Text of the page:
Working with Seniors
Working with a 21-year-old just out of college and working with a 65-year-old just out of the workforce are two different things. Both groups process information differently and both groups have been acclimated to society differently. To its credit, the insurance industry has been among the first to take advantage of new technologies as it works with both groups of consumers.
Sometimes, using an early-adopter strategy can help boost sales, but on other occasions, especially with the retiree market, it can alienate some prospects and negatively affect the potential for gaining new business. Therefore, it is up to you, the trusted advisor, to take your clients hand in hand and work with them in the way in which they are the most comfortable.
I’m an example of someone who uses both old and new ways. In my right pocket is the latest iPhone, and in my left pocket is a fountain pen from 1954. My business card gives clients a phone number and asks them to send me text messages. I carry around a digital camera and a Polaroid. (Really! When you see me at the NAIFA Performance + Purpose Conference in San Antonio this year, ask me for a Polaroid picture.)
The point I am trying to make is that when I start talking with retirees, I have to be prepared and comfortable in communicating with them in whatever way they want to be communicated with. If I see an iPhone on the table, I know I can show them a presentation on a computer and they’ll accept it. But if the phone rings and it is an old wall phone, I may have to use the old fashioned pad and pen.
I have two clients who are deaf. In both cases, they ask that we communicate via text messaging. Both had family present when we met, and both could also read lips. I offered traditional ASL services and TTY, but that wasn’t their preference. Your flexibility and willingness to work with your clients through a host of communications options are your keys to assessing their comfort levels.
Figuring out your senior clients
When you are trying to figure out how comfortable your clients are with technology, a little Sherlock Holmes style observation can come in handy. When clients walk in to your office, do they have a smartphone on their belt holster? Did they make the appointment with you online or over the phone? If you visit them at their homes, do they have wifi in their homes? Clients living in rural areas are usually more computer savvy than those in urban areas. Some of them have faster internet services than I do.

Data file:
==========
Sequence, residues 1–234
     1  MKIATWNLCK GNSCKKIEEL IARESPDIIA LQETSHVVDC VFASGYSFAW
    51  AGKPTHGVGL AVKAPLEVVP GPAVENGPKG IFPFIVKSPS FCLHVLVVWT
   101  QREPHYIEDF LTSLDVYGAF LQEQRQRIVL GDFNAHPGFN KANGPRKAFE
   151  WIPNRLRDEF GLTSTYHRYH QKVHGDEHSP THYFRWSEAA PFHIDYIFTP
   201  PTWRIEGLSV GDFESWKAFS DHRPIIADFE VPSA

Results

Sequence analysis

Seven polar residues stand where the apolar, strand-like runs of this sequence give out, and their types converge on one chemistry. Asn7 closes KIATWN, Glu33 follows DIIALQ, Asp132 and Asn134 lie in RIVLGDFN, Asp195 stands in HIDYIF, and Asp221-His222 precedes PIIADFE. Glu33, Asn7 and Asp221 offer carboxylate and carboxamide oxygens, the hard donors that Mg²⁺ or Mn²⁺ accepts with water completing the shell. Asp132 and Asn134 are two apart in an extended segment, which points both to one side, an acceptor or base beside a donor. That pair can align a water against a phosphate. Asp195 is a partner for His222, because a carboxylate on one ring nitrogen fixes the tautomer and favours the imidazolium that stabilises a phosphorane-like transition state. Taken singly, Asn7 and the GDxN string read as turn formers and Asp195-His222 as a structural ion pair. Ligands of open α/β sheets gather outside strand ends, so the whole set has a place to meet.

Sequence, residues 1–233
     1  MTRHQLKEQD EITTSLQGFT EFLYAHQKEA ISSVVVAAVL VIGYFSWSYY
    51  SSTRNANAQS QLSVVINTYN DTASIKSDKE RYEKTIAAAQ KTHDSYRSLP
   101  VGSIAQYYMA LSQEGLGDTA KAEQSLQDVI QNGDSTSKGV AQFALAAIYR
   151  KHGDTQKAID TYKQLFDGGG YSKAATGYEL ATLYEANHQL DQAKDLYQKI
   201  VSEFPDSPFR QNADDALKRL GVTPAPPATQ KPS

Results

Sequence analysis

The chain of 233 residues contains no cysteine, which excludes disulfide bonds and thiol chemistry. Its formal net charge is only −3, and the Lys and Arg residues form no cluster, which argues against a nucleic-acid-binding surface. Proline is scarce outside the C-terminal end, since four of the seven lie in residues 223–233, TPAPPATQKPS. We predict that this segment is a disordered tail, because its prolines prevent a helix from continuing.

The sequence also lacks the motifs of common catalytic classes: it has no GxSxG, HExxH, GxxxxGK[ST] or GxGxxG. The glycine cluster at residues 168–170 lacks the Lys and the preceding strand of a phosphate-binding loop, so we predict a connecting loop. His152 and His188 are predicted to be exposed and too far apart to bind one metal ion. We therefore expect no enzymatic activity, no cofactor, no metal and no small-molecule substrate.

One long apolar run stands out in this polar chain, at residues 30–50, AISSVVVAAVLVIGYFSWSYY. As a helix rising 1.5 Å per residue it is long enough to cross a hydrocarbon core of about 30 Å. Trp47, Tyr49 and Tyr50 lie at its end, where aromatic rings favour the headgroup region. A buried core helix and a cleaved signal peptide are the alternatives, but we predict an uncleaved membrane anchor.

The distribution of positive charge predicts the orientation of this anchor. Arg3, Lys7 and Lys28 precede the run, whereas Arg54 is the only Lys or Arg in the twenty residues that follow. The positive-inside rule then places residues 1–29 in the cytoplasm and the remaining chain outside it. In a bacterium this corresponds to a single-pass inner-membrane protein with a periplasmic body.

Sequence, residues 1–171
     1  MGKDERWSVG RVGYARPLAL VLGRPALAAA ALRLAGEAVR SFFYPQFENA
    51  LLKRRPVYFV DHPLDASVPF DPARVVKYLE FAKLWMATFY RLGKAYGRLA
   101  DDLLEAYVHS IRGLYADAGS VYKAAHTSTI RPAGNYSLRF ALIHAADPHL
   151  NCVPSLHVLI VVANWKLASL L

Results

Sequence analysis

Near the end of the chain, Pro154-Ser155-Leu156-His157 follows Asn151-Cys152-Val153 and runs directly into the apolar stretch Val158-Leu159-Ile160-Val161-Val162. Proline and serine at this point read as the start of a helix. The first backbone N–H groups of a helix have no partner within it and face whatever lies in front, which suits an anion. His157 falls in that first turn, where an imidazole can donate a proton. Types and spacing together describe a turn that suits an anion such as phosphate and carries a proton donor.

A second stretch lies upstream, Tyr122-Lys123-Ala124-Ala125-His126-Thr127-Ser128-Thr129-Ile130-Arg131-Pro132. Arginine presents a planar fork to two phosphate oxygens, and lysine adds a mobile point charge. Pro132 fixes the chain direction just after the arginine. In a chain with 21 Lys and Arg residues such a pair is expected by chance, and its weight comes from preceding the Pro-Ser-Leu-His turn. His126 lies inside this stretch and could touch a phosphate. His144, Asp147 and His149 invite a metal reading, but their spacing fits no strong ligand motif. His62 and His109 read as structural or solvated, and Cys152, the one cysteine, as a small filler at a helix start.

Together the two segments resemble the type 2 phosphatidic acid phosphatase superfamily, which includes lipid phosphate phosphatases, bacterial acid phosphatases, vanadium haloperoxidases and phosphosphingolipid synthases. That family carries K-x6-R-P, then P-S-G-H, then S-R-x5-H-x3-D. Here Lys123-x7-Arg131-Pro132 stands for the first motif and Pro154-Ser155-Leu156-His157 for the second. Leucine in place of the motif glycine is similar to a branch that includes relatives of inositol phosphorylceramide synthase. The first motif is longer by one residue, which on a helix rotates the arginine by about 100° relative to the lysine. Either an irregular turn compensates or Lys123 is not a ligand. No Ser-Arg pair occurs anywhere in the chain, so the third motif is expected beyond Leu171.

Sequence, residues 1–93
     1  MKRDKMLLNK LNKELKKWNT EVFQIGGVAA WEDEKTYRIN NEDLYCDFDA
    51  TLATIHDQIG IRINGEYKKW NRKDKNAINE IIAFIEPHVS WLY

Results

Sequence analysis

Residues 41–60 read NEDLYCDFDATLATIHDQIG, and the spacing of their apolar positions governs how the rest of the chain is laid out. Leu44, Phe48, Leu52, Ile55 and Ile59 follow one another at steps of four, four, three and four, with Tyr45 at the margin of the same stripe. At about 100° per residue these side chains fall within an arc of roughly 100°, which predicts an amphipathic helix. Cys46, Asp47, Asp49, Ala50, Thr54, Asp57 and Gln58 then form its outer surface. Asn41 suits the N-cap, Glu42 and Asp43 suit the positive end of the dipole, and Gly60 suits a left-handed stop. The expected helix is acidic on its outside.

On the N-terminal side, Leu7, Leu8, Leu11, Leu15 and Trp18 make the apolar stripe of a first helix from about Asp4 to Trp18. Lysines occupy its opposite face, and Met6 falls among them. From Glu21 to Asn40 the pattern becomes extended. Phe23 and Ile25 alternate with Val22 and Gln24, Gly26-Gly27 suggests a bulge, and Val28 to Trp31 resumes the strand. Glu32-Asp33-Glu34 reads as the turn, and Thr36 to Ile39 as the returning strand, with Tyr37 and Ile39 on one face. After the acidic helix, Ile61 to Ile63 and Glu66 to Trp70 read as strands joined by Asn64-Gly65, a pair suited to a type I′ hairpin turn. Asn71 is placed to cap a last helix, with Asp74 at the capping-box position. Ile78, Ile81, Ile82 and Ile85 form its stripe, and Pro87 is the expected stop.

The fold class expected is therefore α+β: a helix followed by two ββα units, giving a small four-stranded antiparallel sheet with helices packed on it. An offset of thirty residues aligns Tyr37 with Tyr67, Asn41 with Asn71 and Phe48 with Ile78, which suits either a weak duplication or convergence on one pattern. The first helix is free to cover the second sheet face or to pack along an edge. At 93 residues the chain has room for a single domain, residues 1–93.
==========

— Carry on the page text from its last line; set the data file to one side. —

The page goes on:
Are you projecting a proposal on a large screen? Or do they want a nicely presented paper report? Some clients, for reasons entirely their own, have a hatred of computers with a passion that was formerly reserved for IRS audits. I have lost sales in the past because I discounted this hatred and used a computer because it was convenient for me.
Do your clients have to fill out a form electronically? An insurance policy is a contract. If they have trouble reading a computer screen, can you provide a paper alternative instead? This issue could come up again if any after-the-fact ethics and compliance issues arise.
I used to carry around a special, extra thick gel pen for signatures for clients who have severe rheumatoid arthritis. I was complimented a number of times for thinking of them. This sort of extra touch is one of those things that clients remember. Some clients have never had to put pen to paper; so, having them sign their name on a touchscreen can be a disturbing experience.
My point is that as advisors, we are constantly subjected to marketing materials that state that seniors are on the internet and are tech-savvy. And some truly are. But not all of them are; therefore, to truly connect with them, we must talk with them in the manner in which they are the most comfortable. That means being prepared to work with them at either the bleeding edge of technology or in more traditional ways. Don’t give up your pens just yet!
Elie Harriett co-owns Classic Insurance & Financial Services Co., an independent agency specializing in individual Medicarerelated insurance. He is a former LILI moderator and a past-president of NAIFA-Mansfield. Contact him firstname.lastname@example.org.
This article appeared in Advisor Today.